I hugged you goodbye as you got into your car and drove to school for your first day of Junior Year. How did this even happen? You look so old, so wise, so much older and wiser than you are…You are self-assured, prepared, and ready to move forward in this fast-speeding world you live in. You’re racing down a road full of sharp corners that take you farther and farther into your future. And yet, you’re only 16.
Freshman year, you were finding your footing- nervous and unsure, just trying to navigate the new halls and this new identity. Sophomore year, you were excited and ready to embrace all the fun with the friends you had so carefully procured while trying to keep up with your classes.
Now you are embarking on a year full of an intense curriculum while you begin to narrow down your college choices. You will be studying for ACTs and SATs while researching locations all over the map that entice you as you dream about where you’d like to live in just a few short years.
You’ll start to worry about the colleges you’d love to attend if only you could raise your GPA higher and do better on those SAT/ACTs. You’ll still hold down a job and volunteer regularly while trying to keep up with your ridiculously difficult coursework. This is the year when you’ll be forced to look at the reality of what will come, and do something about it.
Junior Year is Different
Junior year is so very different. Most years feel as if we are rounding the bend of life, driving toward the next pit stop full of new opportunities and challenges. But this year feels more like a sharp sudden turn that speeds its way into the future while leaving your childhood behind. The tire tracks are fading way too fast behind those wheels, and that’s not how it’s supposed to be. That’s not how you’re supposed to live at the age of sixteen.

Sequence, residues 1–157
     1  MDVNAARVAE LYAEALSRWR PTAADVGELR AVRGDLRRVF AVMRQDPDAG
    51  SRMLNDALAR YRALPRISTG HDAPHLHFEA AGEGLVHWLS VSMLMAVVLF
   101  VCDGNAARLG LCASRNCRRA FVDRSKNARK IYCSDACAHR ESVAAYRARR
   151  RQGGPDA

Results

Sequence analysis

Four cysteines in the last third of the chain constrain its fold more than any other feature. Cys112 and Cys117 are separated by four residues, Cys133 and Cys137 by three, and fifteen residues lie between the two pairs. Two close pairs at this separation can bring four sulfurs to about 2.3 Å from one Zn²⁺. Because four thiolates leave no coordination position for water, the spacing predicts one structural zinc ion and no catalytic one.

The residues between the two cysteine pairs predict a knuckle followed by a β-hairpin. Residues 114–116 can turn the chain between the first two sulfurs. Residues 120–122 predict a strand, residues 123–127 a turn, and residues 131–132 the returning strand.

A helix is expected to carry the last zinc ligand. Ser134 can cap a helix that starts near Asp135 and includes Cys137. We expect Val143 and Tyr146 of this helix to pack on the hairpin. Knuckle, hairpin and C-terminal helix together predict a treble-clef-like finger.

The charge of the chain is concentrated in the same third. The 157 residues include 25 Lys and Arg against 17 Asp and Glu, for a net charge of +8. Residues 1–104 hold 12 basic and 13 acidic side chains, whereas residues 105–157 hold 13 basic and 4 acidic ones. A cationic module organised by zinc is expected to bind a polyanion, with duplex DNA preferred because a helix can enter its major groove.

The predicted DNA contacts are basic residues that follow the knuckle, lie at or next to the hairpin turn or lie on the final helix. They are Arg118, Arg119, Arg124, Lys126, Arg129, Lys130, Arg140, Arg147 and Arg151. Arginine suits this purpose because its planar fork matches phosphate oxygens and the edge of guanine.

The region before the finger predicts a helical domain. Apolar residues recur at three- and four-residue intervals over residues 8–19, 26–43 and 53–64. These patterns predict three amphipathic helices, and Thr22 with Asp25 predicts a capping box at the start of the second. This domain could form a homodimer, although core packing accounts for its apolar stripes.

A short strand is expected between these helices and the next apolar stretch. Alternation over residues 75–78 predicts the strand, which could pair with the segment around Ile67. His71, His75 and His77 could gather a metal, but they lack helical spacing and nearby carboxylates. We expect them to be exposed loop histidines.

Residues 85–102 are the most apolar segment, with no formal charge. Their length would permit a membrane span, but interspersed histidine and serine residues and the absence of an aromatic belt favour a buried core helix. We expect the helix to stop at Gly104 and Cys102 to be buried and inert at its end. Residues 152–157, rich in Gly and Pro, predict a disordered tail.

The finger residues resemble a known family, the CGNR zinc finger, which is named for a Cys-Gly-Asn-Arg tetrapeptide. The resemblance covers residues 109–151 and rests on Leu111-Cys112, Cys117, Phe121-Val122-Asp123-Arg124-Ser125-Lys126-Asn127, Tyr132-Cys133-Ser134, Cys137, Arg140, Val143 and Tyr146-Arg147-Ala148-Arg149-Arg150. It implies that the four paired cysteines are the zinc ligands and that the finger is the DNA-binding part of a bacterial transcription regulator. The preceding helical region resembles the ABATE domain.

I know what happens from here. I’ve seen it unfold with friends whose kids are getting settled in their dorm rooms now. I know that you’ll be applying to colleges and buying dorm décor in the blink of your mama’s tearful eye. I’m not ready for that just yet. And neither are you. You’re still only 16.
These days are so different than years ago. Now more than ever, there is pressure to grow up fast and move ahead faster. Junior year is the epitome of that. If you’re not looking into colleges and studying for the ACT/SAT tests, you will fall behind the masses. If you’re not getting a 4.0 GPA, taking AP classes and earning college credits, then your chances of admission to an elite colleges wanes.
If you’re not ahead of the game, then you’ll lose the opportunity to play while you sit on the sidelines and watch the other smarter, more prepared players play. This is the life of a Junior now. Push and pull faster and faster forward, or you’ll never make the cut.
What I Want My Daughter to Know About Junior Year
But I want you to understand something; This is not how things should go.
This is not a race nor is it a competition. It is your life and you are still a child who deserves to be one. You can dream of future plans and explore ideas, but don’t let what’s going on around you get in the way of simply being you right now where you are.